A teenage boy has avoided detention after seriously injuring his ex-girlfriend when he drove in to the front of a house at 60mph.
The teenager, who cannot be named for legal reasons, was sentenced to eight months in a young offenders institution suspended for two years and must complete 80 hours of unpaid work in the community.
He was also banned from driving for two years and must take an extended retest.
As previously reported, the boy was charged after the car he was driving crashed into the front of a house on Meadow Lane, North Hykeham on December 23 2017, leaving him and his teenage passenger, who was said to have been eight weeks pregnant and his former girlfriend, trapped inside.
He also caused damage estimated at over £45,000.
The boy, who was 17, failed to brake on a right hand bend after being distracted by his former partner who was pulling his arm during a row in the car.
Fortunately the owners of the semi detached house in Meadow Lane, North Hykeham, were at their daughter’s wedding reception and returned early to find the car embedded in the front porch.
Lincoln Crown Court heard the pair had been arguing after it appeared the boy discovered his former girlfriend was pregnant with a new partner.
She suffered fractures to her spine and sternum after the car ploughed through a brick garden wall and entered the front of the house causing damage of £45,153.
Julie Warburton, prosecuting, said: “At the time of the collision he was driving twice the 30mph speed limit.
“The car essentially entered the ground floor of the house through the ground floor windows and span around.”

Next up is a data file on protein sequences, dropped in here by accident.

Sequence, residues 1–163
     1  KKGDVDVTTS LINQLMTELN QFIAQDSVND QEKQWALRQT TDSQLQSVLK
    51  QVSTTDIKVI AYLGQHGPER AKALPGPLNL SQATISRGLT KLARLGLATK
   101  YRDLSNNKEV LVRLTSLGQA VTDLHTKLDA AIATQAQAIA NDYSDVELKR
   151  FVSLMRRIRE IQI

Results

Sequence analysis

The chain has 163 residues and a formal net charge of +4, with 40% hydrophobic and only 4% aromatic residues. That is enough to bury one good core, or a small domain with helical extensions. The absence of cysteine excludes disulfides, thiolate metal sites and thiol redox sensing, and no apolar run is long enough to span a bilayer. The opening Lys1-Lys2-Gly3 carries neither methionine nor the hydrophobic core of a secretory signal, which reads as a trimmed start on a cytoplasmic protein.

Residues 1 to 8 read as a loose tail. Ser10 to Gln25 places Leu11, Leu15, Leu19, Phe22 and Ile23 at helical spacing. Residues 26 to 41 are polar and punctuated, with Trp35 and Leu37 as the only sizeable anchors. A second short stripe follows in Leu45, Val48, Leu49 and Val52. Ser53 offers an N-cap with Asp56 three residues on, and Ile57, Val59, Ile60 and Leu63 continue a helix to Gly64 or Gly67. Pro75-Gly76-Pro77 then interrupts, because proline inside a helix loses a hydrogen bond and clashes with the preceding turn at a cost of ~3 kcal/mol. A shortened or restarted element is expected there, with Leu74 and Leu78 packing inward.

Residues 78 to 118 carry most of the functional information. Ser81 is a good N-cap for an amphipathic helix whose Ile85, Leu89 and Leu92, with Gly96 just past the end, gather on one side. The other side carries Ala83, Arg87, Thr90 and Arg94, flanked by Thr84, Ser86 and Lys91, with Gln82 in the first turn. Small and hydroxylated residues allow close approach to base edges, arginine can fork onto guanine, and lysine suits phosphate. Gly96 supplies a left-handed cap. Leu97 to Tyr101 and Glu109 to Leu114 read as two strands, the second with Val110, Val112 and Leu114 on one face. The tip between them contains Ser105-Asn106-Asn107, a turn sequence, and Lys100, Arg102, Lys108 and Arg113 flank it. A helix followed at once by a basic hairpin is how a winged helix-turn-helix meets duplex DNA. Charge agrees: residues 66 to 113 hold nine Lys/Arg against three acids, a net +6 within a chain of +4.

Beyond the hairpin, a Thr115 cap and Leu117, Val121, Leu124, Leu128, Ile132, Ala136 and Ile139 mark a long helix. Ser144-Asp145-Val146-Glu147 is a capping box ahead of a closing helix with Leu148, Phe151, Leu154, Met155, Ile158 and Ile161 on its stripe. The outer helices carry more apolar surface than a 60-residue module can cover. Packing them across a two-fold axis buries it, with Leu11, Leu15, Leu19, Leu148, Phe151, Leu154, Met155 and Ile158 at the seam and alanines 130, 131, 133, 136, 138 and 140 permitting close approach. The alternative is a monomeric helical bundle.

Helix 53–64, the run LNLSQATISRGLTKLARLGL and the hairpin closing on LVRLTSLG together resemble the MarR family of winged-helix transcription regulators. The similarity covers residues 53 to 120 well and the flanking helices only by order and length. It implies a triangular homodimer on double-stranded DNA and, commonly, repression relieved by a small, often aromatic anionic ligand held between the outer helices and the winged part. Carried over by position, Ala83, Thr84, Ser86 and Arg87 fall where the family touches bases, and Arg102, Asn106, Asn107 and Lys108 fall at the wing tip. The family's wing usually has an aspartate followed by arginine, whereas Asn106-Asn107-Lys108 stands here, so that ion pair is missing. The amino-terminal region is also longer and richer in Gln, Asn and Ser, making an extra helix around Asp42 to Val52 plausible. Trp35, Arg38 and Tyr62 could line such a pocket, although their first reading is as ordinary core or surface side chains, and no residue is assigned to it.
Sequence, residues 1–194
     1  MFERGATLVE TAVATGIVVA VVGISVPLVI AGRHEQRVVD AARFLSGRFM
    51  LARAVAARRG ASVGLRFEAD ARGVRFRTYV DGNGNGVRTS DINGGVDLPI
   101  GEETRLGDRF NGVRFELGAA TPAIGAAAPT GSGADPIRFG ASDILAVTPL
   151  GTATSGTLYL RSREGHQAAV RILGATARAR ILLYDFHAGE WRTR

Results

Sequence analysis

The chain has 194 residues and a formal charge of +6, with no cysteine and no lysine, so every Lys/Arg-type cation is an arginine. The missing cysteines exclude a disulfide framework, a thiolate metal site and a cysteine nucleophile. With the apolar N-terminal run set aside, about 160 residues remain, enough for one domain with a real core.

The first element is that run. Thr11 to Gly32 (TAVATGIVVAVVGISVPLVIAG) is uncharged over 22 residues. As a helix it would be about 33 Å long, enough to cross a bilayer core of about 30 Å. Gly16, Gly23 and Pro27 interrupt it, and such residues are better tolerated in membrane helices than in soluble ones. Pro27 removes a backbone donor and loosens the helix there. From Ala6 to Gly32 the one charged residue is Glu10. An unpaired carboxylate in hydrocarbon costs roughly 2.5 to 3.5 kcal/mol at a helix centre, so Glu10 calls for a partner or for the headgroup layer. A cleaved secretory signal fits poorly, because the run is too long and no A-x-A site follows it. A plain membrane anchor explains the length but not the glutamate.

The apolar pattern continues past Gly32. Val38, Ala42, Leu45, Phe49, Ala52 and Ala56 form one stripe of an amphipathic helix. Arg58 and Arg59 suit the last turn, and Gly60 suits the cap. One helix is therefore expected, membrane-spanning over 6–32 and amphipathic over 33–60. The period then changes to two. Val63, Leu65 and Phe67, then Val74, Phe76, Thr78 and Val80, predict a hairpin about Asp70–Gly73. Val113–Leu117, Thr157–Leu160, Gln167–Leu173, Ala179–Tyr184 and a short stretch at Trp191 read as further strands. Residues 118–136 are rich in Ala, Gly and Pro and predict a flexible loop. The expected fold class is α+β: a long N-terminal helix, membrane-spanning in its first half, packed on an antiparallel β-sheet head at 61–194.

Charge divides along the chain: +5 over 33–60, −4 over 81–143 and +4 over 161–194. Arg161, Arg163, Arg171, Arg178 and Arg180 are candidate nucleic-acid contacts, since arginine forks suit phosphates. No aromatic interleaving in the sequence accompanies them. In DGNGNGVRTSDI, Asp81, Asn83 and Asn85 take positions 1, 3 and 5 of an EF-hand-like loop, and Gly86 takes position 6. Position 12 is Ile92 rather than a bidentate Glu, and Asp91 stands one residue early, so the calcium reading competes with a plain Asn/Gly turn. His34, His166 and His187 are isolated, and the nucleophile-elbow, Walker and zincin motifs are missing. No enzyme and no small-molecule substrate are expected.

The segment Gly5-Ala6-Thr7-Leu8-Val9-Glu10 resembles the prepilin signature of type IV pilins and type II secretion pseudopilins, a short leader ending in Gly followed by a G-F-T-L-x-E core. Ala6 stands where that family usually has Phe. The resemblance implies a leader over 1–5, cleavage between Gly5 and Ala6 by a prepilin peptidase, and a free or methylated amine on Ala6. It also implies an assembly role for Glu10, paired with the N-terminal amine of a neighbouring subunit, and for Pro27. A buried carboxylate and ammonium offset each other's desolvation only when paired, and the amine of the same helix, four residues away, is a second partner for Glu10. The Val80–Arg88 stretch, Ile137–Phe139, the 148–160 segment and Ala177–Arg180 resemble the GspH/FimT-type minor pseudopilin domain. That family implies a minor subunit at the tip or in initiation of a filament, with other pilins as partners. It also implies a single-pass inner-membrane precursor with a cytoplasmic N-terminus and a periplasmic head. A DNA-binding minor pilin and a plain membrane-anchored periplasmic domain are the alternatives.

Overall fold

The girl, who was also 17, later admitted the accident was partly her fault because of pulling at the boy’s arm.
Both teenagers were taken to Queens Medical Centre in Nottingham following the crash which happened at 11pm on December 23 2017.
During police interview, the boy accepted he was driving at 60mph and did not see the 30mph signs after being distracted by what was happening inside the car.
He pleaded guilty to causing serious injury by dangerous driving after the prosecution accepted a previous charge of attempted murder was not suitable as there was no evidence his actions were deliberate.
In a victim impact statement the girl said she had to take morphine and lay down for two weeks after the crash because of the pain. She also lost her place at college and still has physiotherapy for her injuries.
Michael Cranmer-Brown, mitigating, told the court what happened was a result of inexperience from a young driver and having his arm tugged.
Mr Cranmer-Brown added: “It is a world away from the charge he originally faced.”
Passing sentence Judge Simon Hirst told the boy that an immediate custodial sentence was not necessary given the relatively short period of the dangerous driving and all he had been told about him.
Judge Hirst warned him: “When you are judged responsible enough to drive a car there is an enormous responsibility on you to drive it properly and safely.”